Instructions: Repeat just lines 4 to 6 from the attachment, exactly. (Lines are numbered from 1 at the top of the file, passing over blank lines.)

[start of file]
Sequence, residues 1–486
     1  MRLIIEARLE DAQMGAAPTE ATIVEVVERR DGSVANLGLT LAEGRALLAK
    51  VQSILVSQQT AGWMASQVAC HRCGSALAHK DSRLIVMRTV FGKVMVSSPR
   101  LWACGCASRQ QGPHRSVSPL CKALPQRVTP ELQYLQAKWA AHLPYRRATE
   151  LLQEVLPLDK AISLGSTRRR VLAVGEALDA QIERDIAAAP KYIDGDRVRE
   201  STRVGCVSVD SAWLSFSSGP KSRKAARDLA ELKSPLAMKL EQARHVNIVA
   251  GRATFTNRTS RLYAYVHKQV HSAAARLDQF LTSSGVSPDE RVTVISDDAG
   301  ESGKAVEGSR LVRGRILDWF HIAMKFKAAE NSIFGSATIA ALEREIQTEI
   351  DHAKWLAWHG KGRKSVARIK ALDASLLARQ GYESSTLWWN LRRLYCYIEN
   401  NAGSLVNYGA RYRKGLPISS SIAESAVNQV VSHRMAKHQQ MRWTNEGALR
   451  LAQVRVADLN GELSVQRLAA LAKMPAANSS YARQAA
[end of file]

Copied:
   101  LWACGCASRQ QGPHRSVSPL CKALPQRVTP ELQYLQAKWA AHLPYRRATE
   151  LLQEVLPLDK AISLGSTRRR VLAVGEALDA QIERDIAAAP KYIDGDRVRE
   201  STRVGCVSVD SAWLSFSSGP KSRKAARDLA ELKSPLAMKL EQARHVNIVA